These are the core principles that guide my beliefs.
We are all in this together
We cannot exclude anyone from the benefits our nation confers. All of us, regardless of age, race, ethnicity, gender identity, sexual preference or citizenship. True, being a citizen confers certain rights and responsibilities, but not being one doesn't put you beyond the pale.
Let's be careful about using the label "them".
We are the government
There is no other institution that allows all of us to act together. Businesses are beholden to their owners, religions to their god(s).
If we abdicate our responsibilities as citizens, since politics abhors a power vacuum, someone will step in and they will not likely care about everyone.
Consider, too, that since we are the government, the government acts in our name.
Good guys don't shoot first
It's tempting, I know. Holding back means good people will get hurt or killed. I agree, it's sucks in the short term. However, long term, it shows the world who the bad guys are and it makes sure that our wrath, when it is stirred, is properly directed.
This applies domestically as much as on the international scene.
Don't be a dick
We should work to make sure that all of those who need help, get it, even at the cost of some undeserving reaping benefit. I do not want to hurt those who need help in an effort to stick it to the bad actors.
Don't be stupid
Don't let our principles lead us off a cliff. We should constantly evaluate our actions and their impact. If something doesn't seem right, revisit the core principles. Maybe it's an unavoidable situation. Or maybe we need to readjust how we act.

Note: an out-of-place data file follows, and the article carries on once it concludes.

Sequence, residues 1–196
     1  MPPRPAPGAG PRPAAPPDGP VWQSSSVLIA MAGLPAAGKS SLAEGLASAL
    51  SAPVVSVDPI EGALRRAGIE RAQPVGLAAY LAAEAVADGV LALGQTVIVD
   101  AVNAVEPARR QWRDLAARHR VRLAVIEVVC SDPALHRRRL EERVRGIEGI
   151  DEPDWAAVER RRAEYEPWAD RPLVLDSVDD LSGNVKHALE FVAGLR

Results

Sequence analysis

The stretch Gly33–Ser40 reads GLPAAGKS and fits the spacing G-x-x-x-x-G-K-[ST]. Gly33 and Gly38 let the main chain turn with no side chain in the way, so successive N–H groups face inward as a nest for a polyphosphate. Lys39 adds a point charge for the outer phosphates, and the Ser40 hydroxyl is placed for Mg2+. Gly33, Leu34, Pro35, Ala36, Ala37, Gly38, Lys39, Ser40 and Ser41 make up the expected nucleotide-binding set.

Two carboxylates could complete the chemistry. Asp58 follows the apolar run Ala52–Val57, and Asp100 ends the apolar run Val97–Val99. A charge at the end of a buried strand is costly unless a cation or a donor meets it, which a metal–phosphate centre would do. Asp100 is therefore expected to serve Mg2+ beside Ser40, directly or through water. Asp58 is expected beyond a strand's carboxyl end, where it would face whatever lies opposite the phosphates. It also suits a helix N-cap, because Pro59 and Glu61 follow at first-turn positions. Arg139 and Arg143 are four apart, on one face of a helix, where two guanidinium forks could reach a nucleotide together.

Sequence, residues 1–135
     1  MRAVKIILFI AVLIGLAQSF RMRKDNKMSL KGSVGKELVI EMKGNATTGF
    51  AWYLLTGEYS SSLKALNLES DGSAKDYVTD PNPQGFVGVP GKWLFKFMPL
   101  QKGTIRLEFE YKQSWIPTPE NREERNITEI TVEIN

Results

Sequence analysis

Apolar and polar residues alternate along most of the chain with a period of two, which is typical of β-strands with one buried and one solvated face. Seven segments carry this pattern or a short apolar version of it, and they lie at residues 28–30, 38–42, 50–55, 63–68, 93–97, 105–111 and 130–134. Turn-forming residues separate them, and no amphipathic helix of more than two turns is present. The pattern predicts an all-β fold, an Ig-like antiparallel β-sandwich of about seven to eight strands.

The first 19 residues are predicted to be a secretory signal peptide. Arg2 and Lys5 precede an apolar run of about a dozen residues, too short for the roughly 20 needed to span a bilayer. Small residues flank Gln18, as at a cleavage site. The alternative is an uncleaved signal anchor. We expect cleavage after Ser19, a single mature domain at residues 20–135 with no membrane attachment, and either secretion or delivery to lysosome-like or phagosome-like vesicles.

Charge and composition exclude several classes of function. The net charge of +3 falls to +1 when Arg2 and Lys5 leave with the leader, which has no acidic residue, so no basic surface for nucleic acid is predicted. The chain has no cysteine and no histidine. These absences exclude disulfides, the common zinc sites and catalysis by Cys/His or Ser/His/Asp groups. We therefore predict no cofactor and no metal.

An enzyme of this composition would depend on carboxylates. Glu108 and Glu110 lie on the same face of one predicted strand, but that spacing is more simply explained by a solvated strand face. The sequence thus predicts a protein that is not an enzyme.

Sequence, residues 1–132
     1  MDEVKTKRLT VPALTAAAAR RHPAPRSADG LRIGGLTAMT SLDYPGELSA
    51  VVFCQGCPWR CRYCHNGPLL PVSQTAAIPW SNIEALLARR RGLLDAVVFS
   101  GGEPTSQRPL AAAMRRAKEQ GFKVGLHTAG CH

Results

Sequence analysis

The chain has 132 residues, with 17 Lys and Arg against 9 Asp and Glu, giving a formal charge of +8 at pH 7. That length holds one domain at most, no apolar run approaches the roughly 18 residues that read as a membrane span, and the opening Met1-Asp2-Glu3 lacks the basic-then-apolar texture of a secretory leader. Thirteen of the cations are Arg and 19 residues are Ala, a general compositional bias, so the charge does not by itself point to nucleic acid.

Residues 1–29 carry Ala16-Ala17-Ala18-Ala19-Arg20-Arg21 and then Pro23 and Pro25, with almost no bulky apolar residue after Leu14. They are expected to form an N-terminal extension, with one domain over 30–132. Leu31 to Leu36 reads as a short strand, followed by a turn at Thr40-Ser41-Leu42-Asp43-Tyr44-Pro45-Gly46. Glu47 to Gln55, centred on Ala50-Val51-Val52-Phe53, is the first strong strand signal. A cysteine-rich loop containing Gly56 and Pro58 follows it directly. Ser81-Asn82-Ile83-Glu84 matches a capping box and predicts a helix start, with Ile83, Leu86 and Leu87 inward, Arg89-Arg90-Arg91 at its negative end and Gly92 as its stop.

Has this happened to you? Your first meal at a restaurant is enjoyable, maybe even in 5-star territory. You rave about the place to friends and family. You can't wait to go back. And when you do, it, well, kind of sucks. This happens to me more often than not. WTF?
First of all, I dread eating somewhere new to me. It's a risk. You have to accept the possibility of failure, something I'm not always willing to do. Sure, I'll do it when I'm on vacation, but it's not like I have much of a choice. In more familiar haunts, though, the good dishes I know call out to me. It's when I get bored that I take the risk.
So, I walk in to a new place. I'm in borderline panic mode. What do I do? Do I seat myself? Who do I talk to? There's too much noise, I can't concentrate? Oh, yes, table for two. I sit down, grab the menu. What the hell does this mean? Why can't they call things by normal names? A burger for $12?!? Ga! What? Yes, I'll have the special. No, just a glass of water, wait, what's on tap?
Then the food comes, it looks wonderful and smells even better. And, damn, it's tasty. Before I know it, my plate is empty. If I'm not eating with my wife, I may even lick the plate.
Maybe that's it. I start with such low expectations that the meal can't help but seem good. When I return, though, I'm more familiar, better able to judge. I notice the lapses in service. This time I'm expecting good food and disappointed when it's not the best I've had.
I still take the risk, though. How else will I find the gems?